1. Eom CS, Park SM, Myung SK, Yun JM, Ahn JS. Use of acid-suppressive drugs and risk of fracture: a meta-analysis of observational studies. Ann Fam Med. 2011 May-Jun;9(3):257-67. doi: 10.1370/afm.1243. PMID: 21555754
  1. Wagner SC. Proton Pump Inhibitors and Bone Health: What the Orthopaedic Surgeon Needs to Know. JBJS Rev. 2018 Dec 18. doi: 10.2106/JBJS.RVW.18.00029. [Epub ahead of print] No abstract available. PMID: 30562209

Fracture Risk Rises after Gastric Bypass Surgery

Gastric Bypass for OBuzzThis post comes from Fred Nelson, MD, an orthopaedic surgeon in the Department of Orthopedics at Henry Ford Hospital and a clinical associate professor at Wayne State Medical School. Some of Dr. Nelson’s tips go out weekly to more than 3,000 members of the Orthopaedic Research Society (ORS), and all are distributed to more than 30 orthopaedic residency programs. Those not sent to the ORS are periodically reposted in OrthoBuzz with the permission of Dr. Nelson. 

Nearly 200,000 Americans have bariatric surgery each year, so it’s important to understand the long-term musculoskeletal consequences of those procedures. Gastric bypass constitutes the most common bariatric surgery and is believed to lead to bone loss. However, fracture risk in gastric-bypass patients has been insufficiently studied. Given that diabetes is an independent risk factor for fractures, any gastric bypass–fracture association should be studied in patients with and without diabetes.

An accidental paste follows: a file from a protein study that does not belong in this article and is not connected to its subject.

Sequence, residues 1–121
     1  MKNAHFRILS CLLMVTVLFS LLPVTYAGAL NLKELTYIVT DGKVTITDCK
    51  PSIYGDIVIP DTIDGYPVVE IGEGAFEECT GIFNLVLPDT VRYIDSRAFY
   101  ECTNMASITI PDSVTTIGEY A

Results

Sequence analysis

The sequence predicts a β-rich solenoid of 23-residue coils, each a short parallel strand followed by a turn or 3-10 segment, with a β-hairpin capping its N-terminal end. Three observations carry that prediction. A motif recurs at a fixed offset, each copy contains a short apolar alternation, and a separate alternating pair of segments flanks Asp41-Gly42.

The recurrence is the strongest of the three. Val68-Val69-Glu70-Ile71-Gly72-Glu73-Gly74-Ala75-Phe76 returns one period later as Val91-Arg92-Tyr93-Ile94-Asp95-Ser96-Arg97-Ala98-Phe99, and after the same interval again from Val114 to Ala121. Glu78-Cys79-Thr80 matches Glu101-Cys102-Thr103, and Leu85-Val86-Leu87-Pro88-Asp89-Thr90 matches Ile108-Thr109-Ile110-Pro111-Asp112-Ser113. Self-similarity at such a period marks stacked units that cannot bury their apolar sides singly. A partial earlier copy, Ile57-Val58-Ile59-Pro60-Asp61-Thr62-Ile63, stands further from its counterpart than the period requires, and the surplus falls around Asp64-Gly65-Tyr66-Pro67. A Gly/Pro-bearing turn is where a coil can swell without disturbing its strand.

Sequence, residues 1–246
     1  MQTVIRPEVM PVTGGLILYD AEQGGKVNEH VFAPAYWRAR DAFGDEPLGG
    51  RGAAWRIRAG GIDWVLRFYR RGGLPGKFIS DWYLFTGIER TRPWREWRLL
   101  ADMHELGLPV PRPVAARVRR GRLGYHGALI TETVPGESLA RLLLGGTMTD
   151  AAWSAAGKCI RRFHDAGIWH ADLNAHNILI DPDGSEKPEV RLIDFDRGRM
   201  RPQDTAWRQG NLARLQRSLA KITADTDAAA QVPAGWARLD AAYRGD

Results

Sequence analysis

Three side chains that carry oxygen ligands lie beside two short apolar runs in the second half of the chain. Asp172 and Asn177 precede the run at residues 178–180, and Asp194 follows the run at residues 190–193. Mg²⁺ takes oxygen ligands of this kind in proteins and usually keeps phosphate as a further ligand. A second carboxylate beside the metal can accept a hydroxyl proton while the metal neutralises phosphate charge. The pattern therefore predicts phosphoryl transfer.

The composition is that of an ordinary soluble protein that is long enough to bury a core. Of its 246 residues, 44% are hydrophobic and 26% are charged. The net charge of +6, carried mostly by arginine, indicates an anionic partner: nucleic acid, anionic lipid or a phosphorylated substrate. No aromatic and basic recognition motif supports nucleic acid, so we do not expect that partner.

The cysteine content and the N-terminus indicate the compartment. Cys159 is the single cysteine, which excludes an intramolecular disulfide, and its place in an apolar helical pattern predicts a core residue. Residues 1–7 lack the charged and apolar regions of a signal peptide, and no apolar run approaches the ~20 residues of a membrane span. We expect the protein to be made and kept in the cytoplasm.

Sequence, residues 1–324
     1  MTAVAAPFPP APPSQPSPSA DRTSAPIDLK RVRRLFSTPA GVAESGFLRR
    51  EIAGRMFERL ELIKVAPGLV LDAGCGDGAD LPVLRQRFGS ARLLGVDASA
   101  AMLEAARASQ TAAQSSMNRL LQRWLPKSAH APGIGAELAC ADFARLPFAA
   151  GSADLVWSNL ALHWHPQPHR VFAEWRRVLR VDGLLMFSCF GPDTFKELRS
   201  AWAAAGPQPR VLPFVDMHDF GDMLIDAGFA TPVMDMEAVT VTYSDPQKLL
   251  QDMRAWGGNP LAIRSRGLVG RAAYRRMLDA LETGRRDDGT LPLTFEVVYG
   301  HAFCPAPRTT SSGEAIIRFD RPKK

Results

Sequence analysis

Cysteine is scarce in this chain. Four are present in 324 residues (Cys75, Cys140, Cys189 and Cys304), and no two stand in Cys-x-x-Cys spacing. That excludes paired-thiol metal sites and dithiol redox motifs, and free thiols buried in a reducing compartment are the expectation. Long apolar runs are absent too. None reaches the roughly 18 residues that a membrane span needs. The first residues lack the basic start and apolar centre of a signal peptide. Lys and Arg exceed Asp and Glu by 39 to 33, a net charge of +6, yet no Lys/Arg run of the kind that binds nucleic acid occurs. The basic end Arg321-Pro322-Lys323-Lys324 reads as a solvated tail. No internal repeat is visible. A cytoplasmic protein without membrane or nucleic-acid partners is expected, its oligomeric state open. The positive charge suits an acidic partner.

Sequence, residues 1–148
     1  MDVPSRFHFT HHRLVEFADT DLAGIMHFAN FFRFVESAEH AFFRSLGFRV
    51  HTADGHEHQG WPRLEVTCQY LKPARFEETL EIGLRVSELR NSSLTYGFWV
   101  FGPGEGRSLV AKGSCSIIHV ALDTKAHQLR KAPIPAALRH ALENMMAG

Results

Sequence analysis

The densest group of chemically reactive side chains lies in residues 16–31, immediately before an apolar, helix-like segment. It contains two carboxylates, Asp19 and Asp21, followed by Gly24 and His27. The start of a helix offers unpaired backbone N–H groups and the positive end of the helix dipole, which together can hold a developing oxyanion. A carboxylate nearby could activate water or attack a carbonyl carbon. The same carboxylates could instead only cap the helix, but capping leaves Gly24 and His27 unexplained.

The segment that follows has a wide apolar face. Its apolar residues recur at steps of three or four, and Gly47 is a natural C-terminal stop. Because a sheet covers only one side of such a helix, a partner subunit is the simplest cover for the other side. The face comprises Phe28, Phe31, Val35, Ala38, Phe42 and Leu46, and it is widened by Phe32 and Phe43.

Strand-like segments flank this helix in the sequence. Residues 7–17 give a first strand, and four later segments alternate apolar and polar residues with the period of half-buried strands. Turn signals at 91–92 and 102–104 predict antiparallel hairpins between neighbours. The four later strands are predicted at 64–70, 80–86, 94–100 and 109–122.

That’s what Swedish researchers did in a retrospective cohort study1 of 38,971 obese patients who underwent gastric bypass—7,758 of whom had diabetes and 31,213 of whom did not. The patients in each of the two groups were propensity-score matched with controls (1 to 1). The researchers evaluated the overall risk of fracture and fall injury, along with fracture risk according to amount of weight loss and degree of calcium and vitamin D supplementation during the first year after surgery.

After a median follow-up of 3.1 years, gastric bypass was associated with an increased risk of any fracture, both in patients with diabetes (HR, 1.26) and without diabetes (HR, 1.32). Fracture risk appeared to increase with time. The risk of fall injury without fracture also increased after gastric bypass. (The increased risk of fall injury may explain some of the increased fracture risk.) Surprisingly, neither higher amounts of weight loss nor poor calcium and vitamin D supplementation during the first year after surgery were associated with increased fracture risk.

The metabolic consequences of surgically induced weight loss are significant for the obese population. Those consequences probably reach beyond bone to affect many aspects of musculoskeletal and possibly neurological homeostasis.

Reference

  1. Axelsson KF, Werling M, Eliasson B, Szabo E, Näslund I, Wedel H, Lundh D, Lorentzon M. Fracture Risk After Gastric Bypass Surgery: A Retrospective Cohort Study. J Bone Miner Res. 2018 Jul 16. doi: 10.1002/jbmr.3553. [Epub ahead of print] PMID: 30011091